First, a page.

I am sending you this with love, it is a story that I hope will shed some light on any dark corners of doubt you may have as to those yester-years of your childhood.
It all began on that stormy day in May in 1976. I was twenty-one and figured being born from a mother who raised eight kids, whose own mother raised twelve would somehow up-the-odds in speeding up the process in the delivery room. Wrong—fourteen hours later my first born learned to use his lungs LOUDLY. It was the 1970s where most of my peers were off to college or working at jobs listening to Lez Zepplin, The Rolling Stones and The Doors while I stayed home rocking my son to lullabys and nursery rhymes. Every woman in town, most of them strangers, offered me advice and even scolded me. "You better not let him sleep lying on your shoulder like that, or he'll get a stiff neck!" Somehow I managed to find my own way and Jake grew to become a happy young man. I remember those days when I was a mom with only one child, it was blissful. He was everything to me and my role as daughter and sister and even wife seemed to pale in comparison. Being a mother fulfilled a desire to give love and being loved unconditionally in return—well, that was something I was only beginning to learn.
It would be five years before my daughter Jessi was born. I remember feeling very emotional and filled with doubt. How could I possibly love another child? How could my heart stretch even further—Jake was my greatest concern. How would he be able to accept this new sibling? Well, shortly after she was born, I called to tell him the big news. I was met with, "I wanted a brother."
Soon he learned to accept her and although they were five years apart, they were good playmates. Their young lives were not born into a happy home and I was on divorce number two by the time Jessi was three. I was struggling with so many things. Trying to find balance in raising them as a single mom, was a daily battle. Meanwhile my relationship with my own parents was on the rocks.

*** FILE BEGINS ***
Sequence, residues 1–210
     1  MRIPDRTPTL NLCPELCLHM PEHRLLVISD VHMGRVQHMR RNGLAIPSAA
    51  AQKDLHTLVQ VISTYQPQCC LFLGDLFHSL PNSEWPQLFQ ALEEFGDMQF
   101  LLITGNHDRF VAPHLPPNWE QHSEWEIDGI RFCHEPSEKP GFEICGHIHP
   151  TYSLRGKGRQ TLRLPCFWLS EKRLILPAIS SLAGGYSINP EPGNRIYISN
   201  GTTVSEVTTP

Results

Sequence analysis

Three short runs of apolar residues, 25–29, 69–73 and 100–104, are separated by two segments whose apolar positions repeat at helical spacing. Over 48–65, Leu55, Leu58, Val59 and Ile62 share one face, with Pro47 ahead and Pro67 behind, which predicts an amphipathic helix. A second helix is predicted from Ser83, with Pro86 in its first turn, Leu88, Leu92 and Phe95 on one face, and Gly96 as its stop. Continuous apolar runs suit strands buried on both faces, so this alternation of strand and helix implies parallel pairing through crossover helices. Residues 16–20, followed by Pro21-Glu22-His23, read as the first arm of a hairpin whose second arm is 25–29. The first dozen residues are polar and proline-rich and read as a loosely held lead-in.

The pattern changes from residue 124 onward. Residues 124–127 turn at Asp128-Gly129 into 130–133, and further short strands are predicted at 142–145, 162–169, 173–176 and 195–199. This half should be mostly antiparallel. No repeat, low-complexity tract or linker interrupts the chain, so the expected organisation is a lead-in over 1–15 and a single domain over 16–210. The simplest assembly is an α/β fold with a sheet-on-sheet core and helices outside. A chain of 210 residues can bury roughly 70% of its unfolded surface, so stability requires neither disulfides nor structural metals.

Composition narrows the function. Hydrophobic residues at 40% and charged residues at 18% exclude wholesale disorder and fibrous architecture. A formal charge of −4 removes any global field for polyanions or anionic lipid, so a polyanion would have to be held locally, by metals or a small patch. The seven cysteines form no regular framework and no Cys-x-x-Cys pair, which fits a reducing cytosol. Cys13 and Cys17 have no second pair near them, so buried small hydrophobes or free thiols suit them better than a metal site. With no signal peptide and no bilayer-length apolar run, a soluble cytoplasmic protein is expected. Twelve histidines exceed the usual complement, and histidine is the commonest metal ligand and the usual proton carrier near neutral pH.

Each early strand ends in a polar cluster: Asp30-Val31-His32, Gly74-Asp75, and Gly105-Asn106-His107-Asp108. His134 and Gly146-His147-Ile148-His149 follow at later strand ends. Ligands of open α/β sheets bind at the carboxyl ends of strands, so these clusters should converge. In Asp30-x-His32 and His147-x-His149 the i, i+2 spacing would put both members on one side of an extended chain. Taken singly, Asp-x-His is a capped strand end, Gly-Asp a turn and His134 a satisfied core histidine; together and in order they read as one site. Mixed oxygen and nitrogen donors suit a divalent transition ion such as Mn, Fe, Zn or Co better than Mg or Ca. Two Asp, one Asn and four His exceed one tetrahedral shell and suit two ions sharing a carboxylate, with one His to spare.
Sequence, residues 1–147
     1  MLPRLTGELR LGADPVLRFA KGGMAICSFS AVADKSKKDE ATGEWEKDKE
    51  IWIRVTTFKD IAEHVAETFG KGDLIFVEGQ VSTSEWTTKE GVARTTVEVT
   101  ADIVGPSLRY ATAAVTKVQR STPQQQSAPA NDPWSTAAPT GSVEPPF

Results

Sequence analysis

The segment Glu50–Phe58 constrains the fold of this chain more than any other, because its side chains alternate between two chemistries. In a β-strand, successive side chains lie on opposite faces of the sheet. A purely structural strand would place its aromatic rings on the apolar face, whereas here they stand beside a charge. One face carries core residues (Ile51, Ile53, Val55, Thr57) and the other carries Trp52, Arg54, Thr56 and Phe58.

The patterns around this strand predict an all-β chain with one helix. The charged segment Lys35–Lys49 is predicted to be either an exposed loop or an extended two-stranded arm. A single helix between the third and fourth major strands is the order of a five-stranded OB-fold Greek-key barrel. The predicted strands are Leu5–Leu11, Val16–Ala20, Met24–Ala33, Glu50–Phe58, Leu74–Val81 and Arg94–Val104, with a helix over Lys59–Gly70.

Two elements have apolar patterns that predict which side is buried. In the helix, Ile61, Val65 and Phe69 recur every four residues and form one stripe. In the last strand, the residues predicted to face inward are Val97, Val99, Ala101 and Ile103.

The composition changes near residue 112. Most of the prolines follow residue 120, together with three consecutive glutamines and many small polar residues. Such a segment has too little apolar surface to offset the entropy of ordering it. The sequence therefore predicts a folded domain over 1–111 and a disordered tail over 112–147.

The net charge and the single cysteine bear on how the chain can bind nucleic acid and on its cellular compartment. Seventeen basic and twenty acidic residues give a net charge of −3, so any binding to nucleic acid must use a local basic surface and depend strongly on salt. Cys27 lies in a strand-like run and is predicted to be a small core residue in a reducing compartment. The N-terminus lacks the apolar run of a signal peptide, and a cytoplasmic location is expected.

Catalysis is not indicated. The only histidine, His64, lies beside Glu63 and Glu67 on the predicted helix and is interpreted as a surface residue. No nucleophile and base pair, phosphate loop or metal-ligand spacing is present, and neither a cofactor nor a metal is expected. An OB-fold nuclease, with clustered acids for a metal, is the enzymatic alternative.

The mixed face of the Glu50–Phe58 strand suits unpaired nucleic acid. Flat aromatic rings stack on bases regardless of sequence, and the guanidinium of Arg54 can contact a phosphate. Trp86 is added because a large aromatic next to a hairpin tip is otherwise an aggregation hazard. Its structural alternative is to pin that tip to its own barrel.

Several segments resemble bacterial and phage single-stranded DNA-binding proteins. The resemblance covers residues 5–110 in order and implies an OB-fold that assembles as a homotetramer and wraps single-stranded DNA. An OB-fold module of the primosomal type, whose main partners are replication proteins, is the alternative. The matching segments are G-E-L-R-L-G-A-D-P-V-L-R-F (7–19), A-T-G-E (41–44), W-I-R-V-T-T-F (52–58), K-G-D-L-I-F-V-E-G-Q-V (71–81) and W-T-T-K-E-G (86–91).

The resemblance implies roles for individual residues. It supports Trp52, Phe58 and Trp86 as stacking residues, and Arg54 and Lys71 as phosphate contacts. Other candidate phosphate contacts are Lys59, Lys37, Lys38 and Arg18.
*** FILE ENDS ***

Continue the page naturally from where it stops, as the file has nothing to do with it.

I had exited my childhood home at the age of eighteen. My father was an alcoholic and my mother had lived with her own struggles. How could I turn to them? I was in my twenties in the 1980s and wallowing in self pity over trying to support two children—my mother had raised eight. Somehow I felt a huge gap between us, and rarely asked her for any counseling. How silly of me to allow the childhood anger that burned within me, cause me to miss out on her gifts. My own inability to recognize all she had to overcome, stopped me from seeing her wisdom. She was thirty when she had me and I was her fifth child. Why hadn't I stopped to realize all she had lived through, all she had accomplished? She was a beautiful, talented woman who chose to stay in her home and rise above any hopes, dreams or aspirations that women of today may have—and be the best mom she could. She wasn't perfect and neither was I, but my anger somehow turned inward and I began to live with a deep self-loathing. I battled depression and my diet consisted of one meal a day topped off with anti-depressants and sleeping pills. Everyone told me I looked better than ever, and a modeling agency hired me after a few photos. Smiling for the cameras while swallowing my tears. Was this the image I wanted to show to the world? This is the home where my two happy children existed. I loved them beyond measure, but they could not mend my heart and those days feel like a blur to me. But, something happened to change all of that and it began when I faced my father. The father who had fought his alcoholic demons and won. Great, now he was the sober, fun-loving grandfather who read stories and played games with my children—somehow this felt like a slap in the face. Where was he when I needed him?
It was was Father's Day 1988 and I was about to turn thirty three. I was fiddling with some cards looking for one that held my sentiment, but all I kept finding were warm and fuzzy ones that said, "Thank you for pushing me on a swing." Did he?
"You were there to bandage my knee." Nope, I don't remember that either.
I stormed out of that store and drove straight to his house. The twenty minutes went by like a blink. I marched up the stairs and pushed through the front door. I startled my father as I found him sitting in the same place he was everyday at 3:30PM…in front of the TV watching Bullwinkle. He took one look at me and knew I was not making a social call. He clicked off the TV and stood there looking helplessly at me. “What’s wrong?” he asked. And so I told him. I had no idea he would be so open and willing to listen. We stood in his kitchen and cried together as he explained ALL of my siblings. My parents agreed to attend a few therapy sessions and together we peeled back the onion skin of pent up pain, hurt and anger. What we were left with was a relationship that is indescribable. We all turned the corner and started to be more open, more trusting, better listeners and more loving. My parents became some of my closest and wisest friends.